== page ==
In 1924, when the indigenous people of the United States were granted voting and civil rights with the "Indian Citizenship Act", all tribes together had only 250,000 members. In the meantime, the indigenous population is growing steadily - but also for reasons that have nothing to do with a higher number of births.

Time and again, white Americans declare themselves indigenous. The motives for this are different: some are interested in a new meaning in life - for closeness to nature, for spiritual rituals; they value the equal treatment of men and women and belonging to a group.

Others are simply concerned with possible financial advantages: They try to get profits from the casino operations in the reservations, which the members of the respective tribe are entitled to. Access to health care and other services from individual tribes are also attractive.

It is easy to declare yourself a native inhabitant in the USA: Formally, for the "Bureau of Indian Affairs", an Indian is someone who is at least 50 percent of Indian descent from one of the officially recognized tribes. But almost every tribe defines its own criteria as to who belongs. The US Census Bureau counts everyone as Indian who professes to do so.

Situation and rights of the indigenous people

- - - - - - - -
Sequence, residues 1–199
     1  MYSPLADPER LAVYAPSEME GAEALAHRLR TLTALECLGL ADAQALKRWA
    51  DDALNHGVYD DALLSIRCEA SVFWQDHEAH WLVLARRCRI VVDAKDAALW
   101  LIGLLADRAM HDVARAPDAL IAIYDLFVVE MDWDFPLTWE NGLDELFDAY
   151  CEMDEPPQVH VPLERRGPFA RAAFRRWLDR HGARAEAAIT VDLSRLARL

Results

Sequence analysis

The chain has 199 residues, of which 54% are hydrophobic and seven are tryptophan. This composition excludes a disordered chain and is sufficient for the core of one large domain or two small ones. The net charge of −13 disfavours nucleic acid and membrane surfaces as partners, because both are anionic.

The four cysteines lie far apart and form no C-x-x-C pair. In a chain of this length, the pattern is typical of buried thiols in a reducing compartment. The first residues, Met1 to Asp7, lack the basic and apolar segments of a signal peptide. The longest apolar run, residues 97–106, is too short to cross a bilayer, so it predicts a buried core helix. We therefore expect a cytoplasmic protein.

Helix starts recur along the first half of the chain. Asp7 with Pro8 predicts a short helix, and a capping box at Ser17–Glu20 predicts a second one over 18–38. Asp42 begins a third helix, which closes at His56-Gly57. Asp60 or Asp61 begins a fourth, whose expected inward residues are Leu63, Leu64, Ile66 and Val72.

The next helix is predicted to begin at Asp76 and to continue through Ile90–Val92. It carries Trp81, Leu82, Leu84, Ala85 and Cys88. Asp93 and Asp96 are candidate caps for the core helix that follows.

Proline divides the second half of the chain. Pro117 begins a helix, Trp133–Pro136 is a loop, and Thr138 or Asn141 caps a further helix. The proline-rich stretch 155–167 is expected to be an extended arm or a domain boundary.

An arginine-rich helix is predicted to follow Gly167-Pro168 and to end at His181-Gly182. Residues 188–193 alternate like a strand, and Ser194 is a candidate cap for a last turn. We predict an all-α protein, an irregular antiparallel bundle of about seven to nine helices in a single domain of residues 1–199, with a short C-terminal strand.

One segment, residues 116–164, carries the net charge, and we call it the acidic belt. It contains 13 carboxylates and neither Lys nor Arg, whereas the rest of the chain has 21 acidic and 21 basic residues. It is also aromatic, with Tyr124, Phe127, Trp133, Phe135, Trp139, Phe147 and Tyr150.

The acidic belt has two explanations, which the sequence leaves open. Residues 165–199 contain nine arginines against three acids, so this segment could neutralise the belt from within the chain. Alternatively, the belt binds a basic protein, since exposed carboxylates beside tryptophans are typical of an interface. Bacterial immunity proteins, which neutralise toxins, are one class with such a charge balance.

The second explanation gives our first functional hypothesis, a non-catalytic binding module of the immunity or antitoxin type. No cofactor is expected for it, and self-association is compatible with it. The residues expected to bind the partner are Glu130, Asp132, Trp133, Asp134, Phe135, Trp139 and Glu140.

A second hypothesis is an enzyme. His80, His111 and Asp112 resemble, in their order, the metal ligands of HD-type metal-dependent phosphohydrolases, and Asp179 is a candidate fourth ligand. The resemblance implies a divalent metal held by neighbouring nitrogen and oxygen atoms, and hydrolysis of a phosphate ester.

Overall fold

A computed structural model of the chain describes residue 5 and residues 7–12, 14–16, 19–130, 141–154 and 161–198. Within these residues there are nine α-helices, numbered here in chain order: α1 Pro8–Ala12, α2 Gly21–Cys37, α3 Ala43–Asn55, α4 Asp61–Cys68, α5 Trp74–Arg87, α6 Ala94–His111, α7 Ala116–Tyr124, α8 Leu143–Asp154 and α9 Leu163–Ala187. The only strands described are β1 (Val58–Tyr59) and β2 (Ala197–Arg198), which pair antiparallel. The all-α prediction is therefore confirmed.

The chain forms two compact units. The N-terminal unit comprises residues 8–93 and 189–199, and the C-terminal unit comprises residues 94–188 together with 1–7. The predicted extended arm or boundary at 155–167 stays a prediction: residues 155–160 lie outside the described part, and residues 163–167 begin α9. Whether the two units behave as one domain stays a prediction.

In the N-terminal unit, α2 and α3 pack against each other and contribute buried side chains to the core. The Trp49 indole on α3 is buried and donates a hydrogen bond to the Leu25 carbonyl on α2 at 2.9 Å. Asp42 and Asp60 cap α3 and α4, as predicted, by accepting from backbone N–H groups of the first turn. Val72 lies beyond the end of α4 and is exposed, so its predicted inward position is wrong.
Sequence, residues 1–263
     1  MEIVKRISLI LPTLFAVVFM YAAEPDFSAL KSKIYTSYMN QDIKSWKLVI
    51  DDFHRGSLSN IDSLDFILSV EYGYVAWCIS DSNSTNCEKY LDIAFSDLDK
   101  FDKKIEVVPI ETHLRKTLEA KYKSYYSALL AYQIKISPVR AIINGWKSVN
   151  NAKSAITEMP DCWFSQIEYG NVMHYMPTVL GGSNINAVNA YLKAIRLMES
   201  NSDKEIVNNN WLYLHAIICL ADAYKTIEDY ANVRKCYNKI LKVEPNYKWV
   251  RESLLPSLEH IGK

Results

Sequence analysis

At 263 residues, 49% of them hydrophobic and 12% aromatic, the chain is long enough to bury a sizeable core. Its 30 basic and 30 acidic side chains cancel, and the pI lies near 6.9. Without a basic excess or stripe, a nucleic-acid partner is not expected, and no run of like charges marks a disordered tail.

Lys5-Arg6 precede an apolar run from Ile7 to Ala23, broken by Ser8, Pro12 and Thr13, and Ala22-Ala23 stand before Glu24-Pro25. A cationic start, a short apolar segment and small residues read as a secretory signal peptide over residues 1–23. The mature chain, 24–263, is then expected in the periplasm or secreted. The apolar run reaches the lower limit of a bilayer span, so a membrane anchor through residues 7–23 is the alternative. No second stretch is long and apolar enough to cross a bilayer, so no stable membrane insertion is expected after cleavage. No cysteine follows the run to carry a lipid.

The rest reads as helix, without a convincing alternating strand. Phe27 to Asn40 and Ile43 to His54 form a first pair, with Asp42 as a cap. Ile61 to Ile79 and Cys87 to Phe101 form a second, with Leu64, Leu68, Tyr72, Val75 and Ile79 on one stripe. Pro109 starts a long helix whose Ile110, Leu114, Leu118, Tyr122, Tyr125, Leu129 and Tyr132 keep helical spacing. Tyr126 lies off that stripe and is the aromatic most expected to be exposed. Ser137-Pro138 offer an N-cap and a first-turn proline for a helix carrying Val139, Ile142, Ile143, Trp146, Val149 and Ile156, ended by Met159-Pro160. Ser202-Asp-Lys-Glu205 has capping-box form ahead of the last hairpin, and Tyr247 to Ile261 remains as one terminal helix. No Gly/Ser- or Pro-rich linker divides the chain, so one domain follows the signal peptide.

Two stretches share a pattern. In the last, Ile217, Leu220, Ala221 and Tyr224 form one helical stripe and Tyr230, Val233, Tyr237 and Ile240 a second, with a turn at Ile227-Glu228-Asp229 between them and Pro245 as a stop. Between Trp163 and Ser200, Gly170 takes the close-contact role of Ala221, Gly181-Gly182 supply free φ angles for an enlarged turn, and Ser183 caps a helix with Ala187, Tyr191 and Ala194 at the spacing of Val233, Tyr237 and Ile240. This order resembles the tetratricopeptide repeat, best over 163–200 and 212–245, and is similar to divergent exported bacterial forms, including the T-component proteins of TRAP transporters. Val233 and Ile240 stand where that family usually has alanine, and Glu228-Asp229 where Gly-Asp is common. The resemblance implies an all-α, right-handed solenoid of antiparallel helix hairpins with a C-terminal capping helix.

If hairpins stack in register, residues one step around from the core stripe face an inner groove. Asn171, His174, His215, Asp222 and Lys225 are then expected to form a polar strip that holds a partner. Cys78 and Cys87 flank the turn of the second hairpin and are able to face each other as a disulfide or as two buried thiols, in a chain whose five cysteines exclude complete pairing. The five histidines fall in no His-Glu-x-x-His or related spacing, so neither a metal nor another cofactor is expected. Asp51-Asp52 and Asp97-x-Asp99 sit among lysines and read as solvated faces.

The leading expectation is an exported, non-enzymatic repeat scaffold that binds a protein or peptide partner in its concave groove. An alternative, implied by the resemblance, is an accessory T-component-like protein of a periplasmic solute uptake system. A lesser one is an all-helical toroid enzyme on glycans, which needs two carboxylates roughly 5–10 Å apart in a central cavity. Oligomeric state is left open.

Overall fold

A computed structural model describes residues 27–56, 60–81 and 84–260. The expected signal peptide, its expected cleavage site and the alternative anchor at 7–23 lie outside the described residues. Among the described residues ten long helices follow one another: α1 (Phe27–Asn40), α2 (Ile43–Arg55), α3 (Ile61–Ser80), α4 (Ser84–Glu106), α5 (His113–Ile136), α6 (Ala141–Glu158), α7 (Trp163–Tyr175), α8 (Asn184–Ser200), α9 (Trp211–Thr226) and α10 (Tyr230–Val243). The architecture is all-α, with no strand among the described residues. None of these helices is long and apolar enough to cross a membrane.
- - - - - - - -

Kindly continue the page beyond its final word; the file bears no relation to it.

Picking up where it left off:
Apart from a few special rights, there are no economic reasons for wanting to belong to an indigenous people in the USA today: unemployment is much higher than that of the rest of the population, and poverty is even twice as high.

Medical care among the less affluent tribes is poor, and life expectancy is consistently several years below the US average. The struggle to preserve their habitat and the livelihoods in the reservations begins again and again.

There is still no compensation for stolen land, the US government only has to pay money for the use of the reservations inhabited by indigenous peoples. The tribes would be helped by Convention 169 of the International Labor Organization, an internationally binding agreement on the rights of indigenous peoples.

It would secure the rights to one's own land and resources, the rights to cultural identity and traditions, to decent working conditions and more. The convention has existed since 1989; the US has not ratified it.